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Hedda Gabler

Hedda Gabler


by Henrik Ibsen

Analysis: Steaminess Rating

Exactly how steamy is this story?


Rated PG-13 for adult themes and the most hidden bawdy banter we’ve ever witnessed. After a quick read through of Hedda Gabler, you might realize that you’ve never once seen the words "baby," "pregnant," "sex," "bed," or "affair." That’s hard to believe since the play is about a pregnant woman, a man she almost had an affair with, and a man currently trying to sleep with her. Read it a few more times and you’ll realize there’s excitement to be found beneath the Victorian tact. So here you go:

A Guide To Secret Sex Talk in Hedda Gabler (Or, Judge Brack Talks A Lot About Sex )

  1. Any one of the many references to Hedda "filling out," or having a "new responsibility," or Berta having another name to call George, or Hedda’s truncated "I’m going to—" confession to George are baby talk. These all refer to Hedda’s pregnancy.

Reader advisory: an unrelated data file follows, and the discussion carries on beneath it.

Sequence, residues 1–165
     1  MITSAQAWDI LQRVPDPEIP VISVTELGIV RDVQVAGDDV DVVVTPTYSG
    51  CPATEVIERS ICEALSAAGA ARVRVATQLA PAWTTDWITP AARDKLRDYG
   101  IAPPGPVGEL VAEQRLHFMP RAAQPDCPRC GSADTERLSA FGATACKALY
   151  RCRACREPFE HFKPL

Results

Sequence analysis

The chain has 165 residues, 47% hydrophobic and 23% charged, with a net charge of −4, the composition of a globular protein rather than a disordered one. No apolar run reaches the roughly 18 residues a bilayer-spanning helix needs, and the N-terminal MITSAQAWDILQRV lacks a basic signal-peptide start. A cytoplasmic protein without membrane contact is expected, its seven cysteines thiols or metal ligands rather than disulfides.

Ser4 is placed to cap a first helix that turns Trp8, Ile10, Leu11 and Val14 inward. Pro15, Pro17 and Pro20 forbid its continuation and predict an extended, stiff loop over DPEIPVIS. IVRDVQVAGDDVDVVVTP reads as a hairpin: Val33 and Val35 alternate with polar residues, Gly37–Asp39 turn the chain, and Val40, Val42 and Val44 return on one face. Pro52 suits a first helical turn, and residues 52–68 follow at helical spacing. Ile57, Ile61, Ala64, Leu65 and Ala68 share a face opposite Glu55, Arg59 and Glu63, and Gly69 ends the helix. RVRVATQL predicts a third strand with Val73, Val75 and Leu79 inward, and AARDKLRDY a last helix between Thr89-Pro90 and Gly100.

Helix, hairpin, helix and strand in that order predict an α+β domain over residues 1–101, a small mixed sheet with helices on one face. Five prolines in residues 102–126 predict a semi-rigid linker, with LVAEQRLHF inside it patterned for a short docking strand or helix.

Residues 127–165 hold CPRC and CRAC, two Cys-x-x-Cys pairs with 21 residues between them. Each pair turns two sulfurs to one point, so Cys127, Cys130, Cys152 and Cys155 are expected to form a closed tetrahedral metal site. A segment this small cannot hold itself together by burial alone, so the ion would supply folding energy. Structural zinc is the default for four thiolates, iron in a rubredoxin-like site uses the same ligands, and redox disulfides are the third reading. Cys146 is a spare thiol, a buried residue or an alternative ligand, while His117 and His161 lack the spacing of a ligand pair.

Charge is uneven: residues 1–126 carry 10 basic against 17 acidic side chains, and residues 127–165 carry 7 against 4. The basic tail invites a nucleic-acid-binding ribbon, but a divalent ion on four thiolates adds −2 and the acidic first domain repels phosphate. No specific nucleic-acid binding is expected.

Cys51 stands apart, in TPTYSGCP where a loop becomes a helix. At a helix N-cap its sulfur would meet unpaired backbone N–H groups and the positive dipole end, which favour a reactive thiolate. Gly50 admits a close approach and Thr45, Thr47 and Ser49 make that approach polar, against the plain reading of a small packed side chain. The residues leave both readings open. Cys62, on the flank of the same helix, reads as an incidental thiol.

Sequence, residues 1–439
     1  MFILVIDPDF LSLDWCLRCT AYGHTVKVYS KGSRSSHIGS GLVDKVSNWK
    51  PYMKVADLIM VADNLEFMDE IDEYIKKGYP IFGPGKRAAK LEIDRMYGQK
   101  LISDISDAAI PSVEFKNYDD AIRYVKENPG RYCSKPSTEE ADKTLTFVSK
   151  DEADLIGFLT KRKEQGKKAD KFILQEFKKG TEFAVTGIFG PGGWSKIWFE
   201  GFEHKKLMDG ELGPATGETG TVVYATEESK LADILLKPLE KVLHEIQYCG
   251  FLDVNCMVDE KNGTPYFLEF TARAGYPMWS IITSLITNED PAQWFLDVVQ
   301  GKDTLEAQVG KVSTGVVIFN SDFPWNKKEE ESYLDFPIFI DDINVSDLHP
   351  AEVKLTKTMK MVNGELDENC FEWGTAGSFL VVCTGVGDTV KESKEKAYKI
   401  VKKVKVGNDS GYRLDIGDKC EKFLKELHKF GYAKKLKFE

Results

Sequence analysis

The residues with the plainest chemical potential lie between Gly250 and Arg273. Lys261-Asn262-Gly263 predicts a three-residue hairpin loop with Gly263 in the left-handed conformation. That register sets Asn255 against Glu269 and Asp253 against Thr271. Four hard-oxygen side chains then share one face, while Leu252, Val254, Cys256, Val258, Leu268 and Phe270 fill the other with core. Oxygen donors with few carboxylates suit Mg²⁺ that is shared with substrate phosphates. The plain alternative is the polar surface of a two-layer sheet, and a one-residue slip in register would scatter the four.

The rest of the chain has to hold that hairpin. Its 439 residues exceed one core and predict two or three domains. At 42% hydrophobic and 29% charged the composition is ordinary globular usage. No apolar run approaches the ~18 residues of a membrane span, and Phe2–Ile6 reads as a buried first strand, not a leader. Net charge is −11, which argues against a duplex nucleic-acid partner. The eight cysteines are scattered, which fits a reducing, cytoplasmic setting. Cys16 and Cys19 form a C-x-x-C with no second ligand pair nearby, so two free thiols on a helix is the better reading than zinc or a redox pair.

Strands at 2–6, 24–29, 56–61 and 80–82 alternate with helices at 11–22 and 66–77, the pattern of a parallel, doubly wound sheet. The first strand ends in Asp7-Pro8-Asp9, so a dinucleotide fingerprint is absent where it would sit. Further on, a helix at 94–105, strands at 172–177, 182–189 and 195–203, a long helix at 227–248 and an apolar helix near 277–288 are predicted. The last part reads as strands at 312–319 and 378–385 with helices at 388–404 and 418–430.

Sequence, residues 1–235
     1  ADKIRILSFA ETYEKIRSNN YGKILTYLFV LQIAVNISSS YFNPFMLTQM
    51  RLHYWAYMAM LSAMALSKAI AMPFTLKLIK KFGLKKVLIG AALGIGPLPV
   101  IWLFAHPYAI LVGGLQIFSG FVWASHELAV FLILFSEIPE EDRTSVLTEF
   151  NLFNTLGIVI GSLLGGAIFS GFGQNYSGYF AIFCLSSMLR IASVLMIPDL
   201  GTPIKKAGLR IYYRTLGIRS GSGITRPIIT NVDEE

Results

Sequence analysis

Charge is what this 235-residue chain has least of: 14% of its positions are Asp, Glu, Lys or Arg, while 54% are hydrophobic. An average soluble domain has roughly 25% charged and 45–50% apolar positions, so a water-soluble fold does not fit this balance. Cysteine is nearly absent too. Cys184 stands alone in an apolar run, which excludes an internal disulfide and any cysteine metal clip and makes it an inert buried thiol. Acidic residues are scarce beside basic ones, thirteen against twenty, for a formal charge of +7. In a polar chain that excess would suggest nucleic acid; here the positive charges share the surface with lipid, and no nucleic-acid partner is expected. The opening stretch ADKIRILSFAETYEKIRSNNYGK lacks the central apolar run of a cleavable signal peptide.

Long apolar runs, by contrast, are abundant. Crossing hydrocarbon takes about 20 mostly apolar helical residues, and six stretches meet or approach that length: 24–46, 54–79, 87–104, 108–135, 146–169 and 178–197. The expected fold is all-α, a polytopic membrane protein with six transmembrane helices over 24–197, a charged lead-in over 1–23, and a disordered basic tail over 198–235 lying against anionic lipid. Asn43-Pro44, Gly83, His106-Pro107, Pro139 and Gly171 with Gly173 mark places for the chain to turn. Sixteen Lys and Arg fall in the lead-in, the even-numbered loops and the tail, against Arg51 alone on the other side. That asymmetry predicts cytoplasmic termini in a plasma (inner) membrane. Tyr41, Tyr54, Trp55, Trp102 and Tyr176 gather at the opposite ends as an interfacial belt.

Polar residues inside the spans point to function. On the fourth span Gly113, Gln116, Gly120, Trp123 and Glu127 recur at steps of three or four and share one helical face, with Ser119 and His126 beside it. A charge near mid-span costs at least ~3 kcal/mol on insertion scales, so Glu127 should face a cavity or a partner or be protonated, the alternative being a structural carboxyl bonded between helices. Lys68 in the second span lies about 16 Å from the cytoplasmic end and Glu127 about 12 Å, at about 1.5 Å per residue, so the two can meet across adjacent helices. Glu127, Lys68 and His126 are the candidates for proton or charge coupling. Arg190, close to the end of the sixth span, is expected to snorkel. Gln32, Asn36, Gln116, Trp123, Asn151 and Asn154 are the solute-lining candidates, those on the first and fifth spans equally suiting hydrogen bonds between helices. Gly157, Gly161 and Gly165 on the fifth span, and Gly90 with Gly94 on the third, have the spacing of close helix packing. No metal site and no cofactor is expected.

2. Hedda says that she and Eilert’s "closeness […] threatened to grow more serious." Translation: he wanted to have sex with her, and she refused.
  3. Mademoiselle Diana is "a red-headed singer." Translation: prostitute.
  4. Brack wants to have a "triangular" "friendship" with Hedda and George. Translation: he wants to sleep with Hedda.
  5. Brack wants to be the "only cock in the walk" = he wants to be the only man that Hedda is sleeping with outside of her marriage.
  6. That whole discussion of the train is a bit odd. Basically, Brack is saying Hedda should jump off the marriage train into the arms of a waiting stranger – him. Hedda is afraid that people will look at her legs if she jumps, meaning the scandal will be public and that’s not OK. Brack then says he’ll come aboard the train, which means he’ll take the initiative by coming to her, and no one will ever be the wiser.
  7. Did you see that weird discussion about Hedda’s honeymoon, when the Judge keeps saying "morning, noon and night," and Hedda keeps correcting him by saying "everlastingly?" They’re talking about the time that Hedda spends with her husband. She’s offended by the Judge referring to the night, because it implies that she’s having sex with her husband on their honeymoon. It’s not that the sex isn’t allowed – it’s that talking about the sex (or anything six degrees from it) isn’t acceptable.
  8. Towards the end of the play, Brack gets Hedda in his power and promises not to "abuse [his] position." Translation: "I’m going to have lots of sex with you, Hedda, and you’re going to have to pretend to enjoy it."

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